Hamilton is the perfect Disney vehicle for quarantine. Viewers get entertained, they feel part of a global phenomenon, and they learn something in the process. But Hamilton is little more than the new Frozen – a crass commercial vehicle of widespread appeal that appeases the public's demand for pablum disguised as social commentary. Just as Frozen appeared to deliver a message of 21st century girl power, Hamilton hypnotizes audiences with its rhyming hymn to American exceptionalism.
In the interest of full disclosure, I should note that I have seen neither Hamilton, nor Frozen. I am suspicious of cultural artifacts that garner so much popularity. I find Frozen's faux-feminist message and multi-billion-dollar merchandising off-putting in the extreme. Americans should learn their history, and there's nothing wrong with delivering lessons via entertainment, but Miranda's self-aggrandizing attitude and showmanship are far more reminiscent of P.T. Barnum than a PBS documentary.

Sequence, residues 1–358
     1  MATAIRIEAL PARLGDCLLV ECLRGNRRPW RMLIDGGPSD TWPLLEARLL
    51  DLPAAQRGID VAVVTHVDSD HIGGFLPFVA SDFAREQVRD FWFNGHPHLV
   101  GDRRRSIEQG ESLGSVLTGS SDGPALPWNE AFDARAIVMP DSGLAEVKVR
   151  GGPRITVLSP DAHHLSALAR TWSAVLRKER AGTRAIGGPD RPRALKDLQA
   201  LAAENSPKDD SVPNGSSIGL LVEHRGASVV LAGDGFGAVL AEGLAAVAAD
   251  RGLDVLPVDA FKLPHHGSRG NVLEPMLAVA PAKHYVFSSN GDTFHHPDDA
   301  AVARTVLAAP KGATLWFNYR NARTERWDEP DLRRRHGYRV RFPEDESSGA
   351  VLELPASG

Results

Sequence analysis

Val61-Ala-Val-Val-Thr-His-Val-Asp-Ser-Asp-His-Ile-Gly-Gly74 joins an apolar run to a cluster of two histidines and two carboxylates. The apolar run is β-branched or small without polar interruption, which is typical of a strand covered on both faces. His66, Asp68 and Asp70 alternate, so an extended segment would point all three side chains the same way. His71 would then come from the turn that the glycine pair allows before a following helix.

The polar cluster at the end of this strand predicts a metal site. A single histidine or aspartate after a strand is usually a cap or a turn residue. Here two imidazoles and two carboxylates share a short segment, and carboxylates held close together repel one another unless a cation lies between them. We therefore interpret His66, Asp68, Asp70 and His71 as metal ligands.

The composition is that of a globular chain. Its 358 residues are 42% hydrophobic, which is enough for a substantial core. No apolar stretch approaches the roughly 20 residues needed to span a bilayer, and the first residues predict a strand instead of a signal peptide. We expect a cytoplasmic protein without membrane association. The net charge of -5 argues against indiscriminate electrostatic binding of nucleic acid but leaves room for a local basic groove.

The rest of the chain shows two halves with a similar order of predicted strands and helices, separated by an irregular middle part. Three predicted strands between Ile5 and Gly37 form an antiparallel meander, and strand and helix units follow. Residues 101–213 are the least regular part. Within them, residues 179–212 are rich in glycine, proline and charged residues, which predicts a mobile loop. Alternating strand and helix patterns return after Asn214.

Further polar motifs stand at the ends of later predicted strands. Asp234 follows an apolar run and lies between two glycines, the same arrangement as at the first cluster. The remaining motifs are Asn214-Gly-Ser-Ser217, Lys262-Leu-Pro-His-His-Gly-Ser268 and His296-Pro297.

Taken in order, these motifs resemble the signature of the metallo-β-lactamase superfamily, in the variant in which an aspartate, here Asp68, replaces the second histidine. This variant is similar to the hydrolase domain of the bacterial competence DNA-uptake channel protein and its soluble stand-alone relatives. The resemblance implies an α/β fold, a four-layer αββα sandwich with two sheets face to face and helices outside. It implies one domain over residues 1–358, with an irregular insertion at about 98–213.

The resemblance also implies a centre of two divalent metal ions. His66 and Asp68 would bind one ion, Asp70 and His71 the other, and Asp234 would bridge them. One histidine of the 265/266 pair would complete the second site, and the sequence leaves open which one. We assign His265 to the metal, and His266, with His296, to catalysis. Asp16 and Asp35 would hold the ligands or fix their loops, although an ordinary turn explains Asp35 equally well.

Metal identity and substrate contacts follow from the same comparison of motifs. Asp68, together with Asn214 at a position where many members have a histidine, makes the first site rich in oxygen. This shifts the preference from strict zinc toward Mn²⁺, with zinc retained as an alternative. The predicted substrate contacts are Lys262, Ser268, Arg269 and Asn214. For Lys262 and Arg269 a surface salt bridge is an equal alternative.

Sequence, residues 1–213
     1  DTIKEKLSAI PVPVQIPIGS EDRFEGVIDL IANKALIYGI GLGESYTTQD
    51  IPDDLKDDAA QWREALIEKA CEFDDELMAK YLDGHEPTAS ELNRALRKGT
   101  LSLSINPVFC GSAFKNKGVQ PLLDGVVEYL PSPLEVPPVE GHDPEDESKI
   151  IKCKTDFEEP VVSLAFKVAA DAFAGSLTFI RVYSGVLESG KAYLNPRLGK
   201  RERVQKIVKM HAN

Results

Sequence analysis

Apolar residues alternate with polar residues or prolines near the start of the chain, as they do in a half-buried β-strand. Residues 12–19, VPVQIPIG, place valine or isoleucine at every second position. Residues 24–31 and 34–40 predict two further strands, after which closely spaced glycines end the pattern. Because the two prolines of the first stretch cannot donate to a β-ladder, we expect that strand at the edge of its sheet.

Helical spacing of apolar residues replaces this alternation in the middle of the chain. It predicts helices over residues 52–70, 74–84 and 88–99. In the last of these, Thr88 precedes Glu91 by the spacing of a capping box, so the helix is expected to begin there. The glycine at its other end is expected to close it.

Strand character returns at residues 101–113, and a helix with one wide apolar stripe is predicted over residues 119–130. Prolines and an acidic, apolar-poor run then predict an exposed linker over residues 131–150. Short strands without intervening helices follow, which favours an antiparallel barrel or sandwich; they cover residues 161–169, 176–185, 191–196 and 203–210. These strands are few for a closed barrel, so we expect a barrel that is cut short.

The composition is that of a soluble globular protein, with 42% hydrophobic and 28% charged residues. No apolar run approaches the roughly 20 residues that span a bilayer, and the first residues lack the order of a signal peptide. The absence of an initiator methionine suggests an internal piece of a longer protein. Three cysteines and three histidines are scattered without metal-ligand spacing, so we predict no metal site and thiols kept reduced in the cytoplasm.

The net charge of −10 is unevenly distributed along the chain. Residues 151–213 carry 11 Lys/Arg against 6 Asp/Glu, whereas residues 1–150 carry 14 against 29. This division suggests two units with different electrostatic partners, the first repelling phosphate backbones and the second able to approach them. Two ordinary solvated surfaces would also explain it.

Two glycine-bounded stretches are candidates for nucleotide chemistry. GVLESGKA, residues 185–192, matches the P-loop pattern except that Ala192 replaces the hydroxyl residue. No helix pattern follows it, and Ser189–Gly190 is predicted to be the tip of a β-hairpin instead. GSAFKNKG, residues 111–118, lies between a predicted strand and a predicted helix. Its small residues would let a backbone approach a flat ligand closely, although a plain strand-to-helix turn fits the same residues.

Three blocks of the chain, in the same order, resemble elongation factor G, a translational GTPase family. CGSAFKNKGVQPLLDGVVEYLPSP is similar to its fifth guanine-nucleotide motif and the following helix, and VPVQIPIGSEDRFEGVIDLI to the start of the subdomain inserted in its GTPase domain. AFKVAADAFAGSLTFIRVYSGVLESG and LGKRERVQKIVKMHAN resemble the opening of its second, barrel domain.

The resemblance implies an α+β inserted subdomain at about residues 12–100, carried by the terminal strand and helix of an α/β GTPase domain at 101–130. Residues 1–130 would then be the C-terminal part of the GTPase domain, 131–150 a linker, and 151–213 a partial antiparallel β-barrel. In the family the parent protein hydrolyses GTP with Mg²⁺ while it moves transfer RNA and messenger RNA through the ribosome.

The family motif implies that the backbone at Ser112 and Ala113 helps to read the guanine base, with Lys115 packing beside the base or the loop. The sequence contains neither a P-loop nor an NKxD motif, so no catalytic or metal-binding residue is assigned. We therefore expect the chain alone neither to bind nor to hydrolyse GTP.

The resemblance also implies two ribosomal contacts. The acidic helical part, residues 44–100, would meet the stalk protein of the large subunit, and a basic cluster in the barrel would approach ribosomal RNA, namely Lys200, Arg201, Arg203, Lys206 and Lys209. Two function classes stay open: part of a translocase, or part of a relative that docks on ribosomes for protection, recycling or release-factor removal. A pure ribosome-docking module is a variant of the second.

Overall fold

Hamilton and Disney+ are a match made in heaven: both worship at the altar of capitalism, preaching the gospel of infotainment and praising American values that are belied by current events. But we can no longer sit by idly, glued to our screens, mesmerized by the distractions proffered by white supremacist media moguls. These latter-day robber barons are stealing our souls as they pilfer our wallets, blinding us to the shameful acts of authority figures everywhere and lulling us into a false sense of self-satisfaction.
So, turn off your screens, put down your devices and read, reflect, listen to those who America has wronged, instead of watching a fictionalized version of an historical person of note sing and dance on a stage. Real-life Alexander Hamiltons, and George Floyds, and Breeona Taylors are dying, and their families are calling for justice. We know this story all too well.